Icon of someone shh-ingA quiet space. This is also fundamentally important. You don’t want a bare room that has too much reverb. You want a room full of stuff that will absorb some of the sound that usually bounces off bare walls. A microphone will also pick up so much more than your ears can notice — so any street noise like construction work, passing cars and birds in the evening, TV in another room, will all be recorded along with your voice. You can speak close to your mic — and that will help to overshadow some of the background ambient noise. If you are working at a professional level, you might consider building a special soundproof room, or teaming up with a professional studio, where you can go in and record your final takes on big projects.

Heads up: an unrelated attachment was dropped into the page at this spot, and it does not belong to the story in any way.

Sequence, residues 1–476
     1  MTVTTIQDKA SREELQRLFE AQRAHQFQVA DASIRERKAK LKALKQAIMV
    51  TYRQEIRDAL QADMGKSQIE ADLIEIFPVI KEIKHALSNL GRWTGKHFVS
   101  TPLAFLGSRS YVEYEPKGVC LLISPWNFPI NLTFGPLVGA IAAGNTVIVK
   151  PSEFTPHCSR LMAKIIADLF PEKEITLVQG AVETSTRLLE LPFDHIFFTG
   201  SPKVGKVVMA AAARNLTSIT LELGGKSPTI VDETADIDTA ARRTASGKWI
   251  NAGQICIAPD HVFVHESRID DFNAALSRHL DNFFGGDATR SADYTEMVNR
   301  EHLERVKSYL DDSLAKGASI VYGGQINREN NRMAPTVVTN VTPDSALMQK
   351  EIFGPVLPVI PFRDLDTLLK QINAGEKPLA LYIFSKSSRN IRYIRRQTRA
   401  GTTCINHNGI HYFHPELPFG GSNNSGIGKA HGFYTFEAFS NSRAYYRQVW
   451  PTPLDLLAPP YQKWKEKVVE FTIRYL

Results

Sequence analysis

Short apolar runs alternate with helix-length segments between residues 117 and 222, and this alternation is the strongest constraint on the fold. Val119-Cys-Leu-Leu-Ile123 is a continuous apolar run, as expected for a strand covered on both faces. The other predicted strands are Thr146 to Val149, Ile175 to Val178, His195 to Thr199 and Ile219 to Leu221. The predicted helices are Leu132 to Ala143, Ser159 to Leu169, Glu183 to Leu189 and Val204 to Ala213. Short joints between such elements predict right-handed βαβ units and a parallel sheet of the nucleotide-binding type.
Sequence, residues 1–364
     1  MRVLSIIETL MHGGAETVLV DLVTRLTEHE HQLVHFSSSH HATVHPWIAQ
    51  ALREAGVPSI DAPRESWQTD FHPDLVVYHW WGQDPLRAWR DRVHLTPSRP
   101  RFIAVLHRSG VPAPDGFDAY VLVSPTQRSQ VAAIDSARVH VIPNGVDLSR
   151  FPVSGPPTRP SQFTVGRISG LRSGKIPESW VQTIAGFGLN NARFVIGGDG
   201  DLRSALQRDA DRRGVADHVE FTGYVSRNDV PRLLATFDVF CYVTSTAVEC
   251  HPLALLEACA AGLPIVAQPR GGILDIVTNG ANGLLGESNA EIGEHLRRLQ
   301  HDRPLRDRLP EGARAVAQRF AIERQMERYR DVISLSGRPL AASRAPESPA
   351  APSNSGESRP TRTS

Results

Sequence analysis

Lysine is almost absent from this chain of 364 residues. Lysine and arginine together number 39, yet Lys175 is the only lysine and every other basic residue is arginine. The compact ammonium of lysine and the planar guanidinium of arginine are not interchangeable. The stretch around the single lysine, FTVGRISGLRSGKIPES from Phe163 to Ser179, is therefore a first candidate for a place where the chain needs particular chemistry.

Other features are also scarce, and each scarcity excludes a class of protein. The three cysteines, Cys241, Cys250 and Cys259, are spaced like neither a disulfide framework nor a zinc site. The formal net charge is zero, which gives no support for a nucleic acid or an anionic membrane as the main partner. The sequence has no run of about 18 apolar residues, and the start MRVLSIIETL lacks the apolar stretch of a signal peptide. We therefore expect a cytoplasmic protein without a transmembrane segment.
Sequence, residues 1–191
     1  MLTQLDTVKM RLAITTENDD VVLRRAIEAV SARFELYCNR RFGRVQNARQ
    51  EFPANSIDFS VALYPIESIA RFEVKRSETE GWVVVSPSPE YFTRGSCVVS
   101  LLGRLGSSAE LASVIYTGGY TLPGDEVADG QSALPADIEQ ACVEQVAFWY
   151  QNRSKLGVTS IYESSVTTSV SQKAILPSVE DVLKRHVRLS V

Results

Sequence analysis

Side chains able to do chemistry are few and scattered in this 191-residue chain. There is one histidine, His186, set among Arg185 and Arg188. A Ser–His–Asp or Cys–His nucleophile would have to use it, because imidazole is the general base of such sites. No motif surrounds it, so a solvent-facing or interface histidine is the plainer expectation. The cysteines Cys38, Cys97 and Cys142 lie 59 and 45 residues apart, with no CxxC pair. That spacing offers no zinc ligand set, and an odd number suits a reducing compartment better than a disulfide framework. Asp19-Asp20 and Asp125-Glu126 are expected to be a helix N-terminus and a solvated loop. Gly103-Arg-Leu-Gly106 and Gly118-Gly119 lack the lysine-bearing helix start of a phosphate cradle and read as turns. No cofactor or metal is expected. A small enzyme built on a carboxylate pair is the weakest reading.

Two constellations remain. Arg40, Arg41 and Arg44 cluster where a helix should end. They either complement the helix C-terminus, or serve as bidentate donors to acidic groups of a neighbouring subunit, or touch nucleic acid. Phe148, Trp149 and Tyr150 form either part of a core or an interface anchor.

Plugins. Icon of robot faceThese are little software programs that have dedicated tasks, like creating artificial reverb or crazy robotic voice effects that you can ‘plugin’ to your DAW. Many of the DAWs come with a set of their own plugins. However, it is always good to find out what else is around, and what other people use to polish their sound — and then give it a try with your own voice. Here is a very professional set of free effects plugins from Kjaerhaus that I have always used.

Icon of sound fileExtras. A pop-filter is good for catching the ‘plosive’ sounds from saying the letters  p, t, k  which often create a ‘pop’ and spike in your recording, and are the kind of things you either need to re-record or cut out during the editing stage.

If you only need to record and edit audio, then Audacity is a very powerful free program for audio production. However, I do not think it’s so good for mixing.